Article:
Muscle wire is an extremely thin wire made of Nitinol, known for its ability to shrink when current is applied. It has been used for the micro latch on Microsoft® Surface Book laptops.




As mentioned earlier, a cable is a set of insulated wires wrapped in a sheath. Typically, a cable has at least one hot wire to carry current, a neutral wire and an earth wire. Cables are classified according to the number of wires they contain and their size/gauge. Cables are marked with a series of letters followed by a number, a dash and another number. The letters indicate the type of insulation. The first number indicates the resistance of the wires in the cable. The number following the dash indicates the number of individual conductors in the cable. If G follows the last number, the cable is also equipped with a non-current carrying earth wire.

AC power cables carry the current and voltage from the domestic power supply safely to electronic equipment, usually AC to DC power. The individually insulated conductors are located within a more durable protective outer sheath and are fitted with connectors at one or both ends. Conductor size and quantity, current and voltage ratings, temperature ratings and institutional approvals are usually printed on the sheath.

Multicore cables are a variant of stranded cables in which each cable carries 2-60 different conductors in a common sheath. Both stranded and solid conductors can be twisted together in the sheath. These cables can be used to connect heavy equipment, medical electronics, audio systems, etc.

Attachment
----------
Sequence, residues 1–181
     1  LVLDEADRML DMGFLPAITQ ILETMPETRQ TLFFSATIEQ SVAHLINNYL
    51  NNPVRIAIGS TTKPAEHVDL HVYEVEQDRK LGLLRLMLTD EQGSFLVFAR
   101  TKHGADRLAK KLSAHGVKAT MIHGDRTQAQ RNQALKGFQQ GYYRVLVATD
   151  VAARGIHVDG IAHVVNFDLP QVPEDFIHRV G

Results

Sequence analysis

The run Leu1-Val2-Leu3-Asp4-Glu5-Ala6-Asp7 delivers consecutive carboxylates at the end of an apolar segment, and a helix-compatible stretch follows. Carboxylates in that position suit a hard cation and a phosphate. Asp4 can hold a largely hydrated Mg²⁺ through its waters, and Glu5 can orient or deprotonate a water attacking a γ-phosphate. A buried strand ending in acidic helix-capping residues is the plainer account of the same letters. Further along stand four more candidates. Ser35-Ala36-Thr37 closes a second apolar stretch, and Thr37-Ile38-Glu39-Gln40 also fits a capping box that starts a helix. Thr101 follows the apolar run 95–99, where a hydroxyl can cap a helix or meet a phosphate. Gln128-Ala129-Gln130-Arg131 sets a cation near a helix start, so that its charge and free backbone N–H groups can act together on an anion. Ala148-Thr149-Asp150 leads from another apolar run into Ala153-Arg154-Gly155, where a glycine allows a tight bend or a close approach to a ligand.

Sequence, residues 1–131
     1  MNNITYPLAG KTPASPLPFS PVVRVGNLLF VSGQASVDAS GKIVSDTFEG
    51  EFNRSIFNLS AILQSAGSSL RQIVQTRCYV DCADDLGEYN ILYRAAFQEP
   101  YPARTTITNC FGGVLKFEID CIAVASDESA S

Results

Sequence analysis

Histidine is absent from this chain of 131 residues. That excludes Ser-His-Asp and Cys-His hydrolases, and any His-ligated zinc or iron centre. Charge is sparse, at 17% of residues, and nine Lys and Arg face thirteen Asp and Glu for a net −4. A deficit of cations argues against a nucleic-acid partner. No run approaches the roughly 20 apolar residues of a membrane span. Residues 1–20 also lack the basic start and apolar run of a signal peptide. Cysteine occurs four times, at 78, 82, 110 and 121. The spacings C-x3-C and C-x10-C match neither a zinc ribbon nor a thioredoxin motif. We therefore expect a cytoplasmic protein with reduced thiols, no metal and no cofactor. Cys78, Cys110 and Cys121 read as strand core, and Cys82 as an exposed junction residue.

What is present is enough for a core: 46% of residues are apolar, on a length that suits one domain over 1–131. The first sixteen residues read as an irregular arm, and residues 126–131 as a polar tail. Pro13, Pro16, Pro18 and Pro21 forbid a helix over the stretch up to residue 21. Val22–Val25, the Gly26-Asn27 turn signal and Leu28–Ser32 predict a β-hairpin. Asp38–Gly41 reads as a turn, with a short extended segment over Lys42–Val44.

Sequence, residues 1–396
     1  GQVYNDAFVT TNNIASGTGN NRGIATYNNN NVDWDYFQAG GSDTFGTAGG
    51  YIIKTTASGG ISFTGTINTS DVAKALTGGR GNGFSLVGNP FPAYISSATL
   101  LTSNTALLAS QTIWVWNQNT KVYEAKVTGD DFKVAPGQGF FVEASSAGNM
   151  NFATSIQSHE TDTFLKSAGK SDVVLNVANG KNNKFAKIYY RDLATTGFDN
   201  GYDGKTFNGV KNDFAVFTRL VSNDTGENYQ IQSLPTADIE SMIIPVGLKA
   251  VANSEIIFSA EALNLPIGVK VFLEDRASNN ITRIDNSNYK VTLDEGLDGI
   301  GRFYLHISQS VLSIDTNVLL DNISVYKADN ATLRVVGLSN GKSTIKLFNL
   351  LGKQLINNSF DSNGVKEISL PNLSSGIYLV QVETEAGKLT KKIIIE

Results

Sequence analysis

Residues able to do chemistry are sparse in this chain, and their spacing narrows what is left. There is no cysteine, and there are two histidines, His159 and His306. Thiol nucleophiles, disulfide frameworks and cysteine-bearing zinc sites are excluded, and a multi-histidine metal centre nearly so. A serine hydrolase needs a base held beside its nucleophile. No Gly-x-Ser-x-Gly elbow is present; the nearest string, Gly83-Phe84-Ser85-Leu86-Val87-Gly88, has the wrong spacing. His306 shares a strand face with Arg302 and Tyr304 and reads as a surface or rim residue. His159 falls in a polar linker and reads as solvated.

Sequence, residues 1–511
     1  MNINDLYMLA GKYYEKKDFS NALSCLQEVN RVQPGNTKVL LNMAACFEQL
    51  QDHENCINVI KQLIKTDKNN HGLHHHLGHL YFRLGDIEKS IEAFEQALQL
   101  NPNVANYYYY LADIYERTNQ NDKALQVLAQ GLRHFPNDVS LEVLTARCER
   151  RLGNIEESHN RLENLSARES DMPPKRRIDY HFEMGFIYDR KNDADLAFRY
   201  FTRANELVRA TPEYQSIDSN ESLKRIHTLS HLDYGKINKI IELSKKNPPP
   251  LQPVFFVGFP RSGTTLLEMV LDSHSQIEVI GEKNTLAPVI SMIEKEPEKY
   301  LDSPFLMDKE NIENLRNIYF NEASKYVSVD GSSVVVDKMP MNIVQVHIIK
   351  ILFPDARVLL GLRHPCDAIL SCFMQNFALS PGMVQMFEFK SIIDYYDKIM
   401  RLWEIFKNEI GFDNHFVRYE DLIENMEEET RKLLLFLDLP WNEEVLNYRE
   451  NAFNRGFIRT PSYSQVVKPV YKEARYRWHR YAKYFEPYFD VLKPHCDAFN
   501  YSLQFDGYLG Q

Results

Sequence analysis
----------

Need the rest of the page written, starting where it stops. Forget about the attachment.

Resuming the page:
A ribbon cable is a series of single conductors connected side by side to form a ribbon. It can also be called zip-wire because the conductors can be separated from the ribbon. The wires are not wrapped in a protective jacket like other types of cable but are individually insulated.

Coaxial cables have an insulated central conductor surrounded by a braided wire shield which is wrapped in a strong outer sheath/sheath. Coaxial is a three-dimensional linear form in which two or more share a common axis. This type of transmission line transmits high-frequency electrical signals at low loss. Some applications include the transmission of cable TV signals, broadband internet network cables, and the connection of radio transmitters and receivers to their antennas. Coaxial cables are composed of an outer plastic sheath, a braided copper shield, an inner dielectric insulator and a copper core.

Speaker cables are two or more electrical conductors (usually copper), each insulated by plastic or rubber. The two wires are electrically identical, but are marked to identify the correct polarity of the audio signal. Speaker cables are used for the electrical connection between the speaker and the amplifier source. There are three key electrical characteristics: resistance, capacitance and inductance. Low resistance allows more source power to pass through the speaker coil, which means more sound.